A wood chair made for indoor use may withstand a little moisture, but it isn't designed to be left out in the rain, even if it has a protective finish. Remove the visible water with towels; then air dry the chair as soon as possible to help prevent the wood from swelling and rotting. This also helps prevent damage to the finish.
The Drying Process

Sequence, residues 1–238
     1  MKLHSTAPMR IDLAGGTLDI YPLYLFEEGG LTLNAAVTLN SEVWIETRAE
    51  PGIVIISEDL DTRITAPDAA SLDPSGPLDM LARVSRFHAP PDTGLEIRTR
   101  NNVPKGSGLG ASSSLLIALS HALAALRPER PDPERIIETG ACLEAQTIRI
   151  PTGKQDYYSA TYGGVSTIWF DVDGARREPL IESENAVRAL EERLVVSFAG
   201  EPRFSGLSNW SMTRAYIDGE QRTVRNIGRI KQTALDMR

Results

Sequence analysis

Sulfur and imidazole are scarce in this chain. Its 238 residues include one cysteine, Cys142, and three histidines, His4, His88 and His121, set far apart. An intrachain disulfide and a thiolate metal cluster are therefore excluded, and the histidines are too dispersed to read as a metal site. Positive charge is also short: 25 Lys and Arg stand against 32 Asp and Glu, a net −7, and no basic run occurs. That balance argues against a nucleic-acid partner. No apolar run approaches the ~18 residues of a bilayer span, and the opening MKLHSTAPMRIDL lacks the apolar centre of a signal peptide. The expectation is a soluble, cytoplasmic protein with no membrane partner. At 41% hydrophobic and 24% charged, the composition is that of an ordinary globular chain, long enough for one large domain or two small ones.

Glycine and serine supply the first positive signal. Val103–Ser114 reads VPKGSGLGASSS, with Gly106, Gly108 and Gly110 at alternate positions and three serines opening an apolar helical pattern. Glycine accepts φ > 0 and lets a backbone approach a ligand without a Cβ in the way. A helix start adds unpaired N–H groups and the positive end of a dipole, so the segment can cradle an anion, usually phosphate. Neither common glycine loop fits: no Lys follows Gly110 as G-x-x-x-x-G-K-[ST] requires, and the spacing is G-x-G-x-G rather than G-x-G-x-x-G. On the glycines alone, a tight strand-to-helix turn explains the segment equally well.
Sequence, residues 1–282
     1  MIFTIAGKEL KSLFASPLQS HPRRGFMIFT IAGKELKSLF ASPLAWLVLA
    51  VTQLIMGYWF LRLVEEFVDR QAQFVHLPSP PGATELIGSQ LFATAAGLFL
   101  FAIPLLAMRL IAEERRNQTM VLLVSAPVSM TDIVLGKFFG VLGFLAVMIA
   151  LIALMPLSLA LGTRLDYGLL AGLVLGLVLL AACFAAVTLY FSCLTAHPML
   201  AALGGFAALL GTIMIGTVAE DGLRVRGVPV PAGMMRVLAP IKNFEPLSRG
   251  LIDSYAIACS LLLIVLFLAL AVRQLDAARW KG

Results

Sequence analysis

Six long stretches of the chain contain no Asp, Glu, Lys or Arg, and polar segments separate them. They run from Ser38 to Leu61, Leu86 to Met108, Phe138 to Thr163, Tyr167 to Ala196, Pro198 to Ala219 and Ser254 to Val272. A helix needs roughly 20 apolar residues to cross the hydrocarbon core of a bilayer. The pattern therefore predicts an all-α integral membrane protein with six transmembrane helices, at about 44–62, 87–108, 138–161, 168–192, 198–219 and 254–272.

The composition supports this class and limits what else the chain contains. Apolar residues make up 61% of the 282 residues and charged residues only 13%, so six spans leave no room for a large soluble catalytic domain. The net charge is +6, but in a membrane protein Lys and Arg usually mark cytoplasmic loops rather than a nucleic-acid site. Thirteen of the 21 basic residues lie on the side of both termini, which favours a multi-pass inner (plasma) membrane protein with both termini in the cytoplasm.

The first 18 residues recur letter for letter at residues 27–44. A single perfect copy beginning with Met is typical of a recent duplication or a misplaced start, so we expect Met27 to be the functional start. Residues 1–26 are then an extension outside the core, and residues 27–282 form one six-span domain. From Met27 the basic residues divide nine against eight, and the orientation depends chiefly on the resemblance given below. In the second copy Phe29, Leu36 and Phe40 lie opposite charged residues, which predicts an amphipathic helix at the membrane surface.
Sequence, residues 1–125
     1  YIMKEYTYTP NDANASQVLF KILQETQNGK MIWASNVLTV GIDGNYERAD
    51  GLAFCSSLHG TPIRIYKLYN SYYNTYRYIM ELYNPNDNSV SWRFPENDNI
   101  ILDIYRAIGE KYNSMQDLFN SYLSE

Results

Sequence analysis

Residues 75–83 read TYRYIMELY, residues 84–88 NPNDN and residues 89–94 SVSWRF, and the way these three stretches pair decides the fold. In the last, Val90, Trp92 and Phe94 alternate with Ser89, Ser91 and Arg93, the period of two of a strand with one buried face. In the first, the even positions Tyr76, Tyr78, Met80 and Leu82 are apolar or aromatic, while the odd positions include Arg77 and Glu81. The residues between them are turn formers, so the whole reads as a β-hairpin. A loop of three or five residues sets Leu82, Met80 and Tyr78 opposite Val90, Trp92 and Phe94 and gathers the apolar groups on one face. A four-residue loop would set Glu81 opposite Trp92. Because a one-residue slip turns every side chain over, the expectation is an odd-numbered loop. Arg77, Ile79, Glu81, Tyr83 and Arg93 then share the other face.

Pat the chair dry with absorbent white towels to remove as much moisture as possible; dyed fabrics may bleed onto the wood. Keep blotting the chair until no more moisture transfers to the towels. Wipe off any hardware such as screws or nuts visible anywhere on the chair, including the bottom, in case water splashed on them. Keep the chair in a protected outdoor environment, such as a covered porch or garage, or indoors if the humidity and temperature matches outdoor conditions. Drastic changes in humidity or temperature may cause the chair to crack, buckle or swell, so it is best to allow it to dry out slowly. Turn on a portable fan, blowing near but not on the chair, to help it dry for at least several hours. Take the chair indoors, but do not use it for a while; it may take weeks for the chair to dry out completely if the rain soaked the wood, such as in the space between joints.